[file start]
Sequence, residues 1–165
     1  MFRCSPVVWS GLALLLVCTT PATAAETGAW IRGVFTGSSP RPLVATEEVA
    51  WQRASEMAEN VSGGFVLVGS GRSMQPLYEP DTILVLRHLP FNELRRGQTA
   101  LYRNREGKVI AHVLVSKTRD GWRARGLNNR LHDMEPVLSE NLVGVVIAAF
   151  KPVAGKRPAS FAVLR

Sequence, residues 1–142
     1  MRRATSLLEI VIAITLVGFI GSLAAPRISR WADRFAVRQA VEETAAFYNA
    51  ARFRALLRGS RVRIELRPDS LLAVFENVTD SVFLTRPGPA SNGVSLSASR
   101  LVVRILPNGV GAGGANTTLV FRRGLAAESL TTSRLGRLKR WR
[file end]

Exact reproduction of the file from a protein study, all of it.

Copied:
Sequence, residues 1–165
     1  MFRCSPVVWS GLALLLVCTT PATAAETGAW IRGVFTGSSP RPLVATEEVA
    51  WQRASEMAEN VSGGFVLVGS GRSMQPLYEP DTILVLRHLP FNELRRGQTA
   101  LYRNREGKVI AHVLVSKTRD GWRARGLNNR LHDMEPVLSE NLVGVVIAAF
   151  KPVAGKRPAS FAVLR

Sequence, residues 1–142
     1  MRRATSLLEI VIAITLVGFI GSLAAPRISR WADRFAVRQA VEETAAFYNA
    51  ARFRALLRGS RVRIELRPDS LLAVFENVTD SVFLTRPGPA SNGVSLSASR
   101  LVVRILPNGV GAGGANTTLV FRRGLAAESL TTSRLGRLKR WR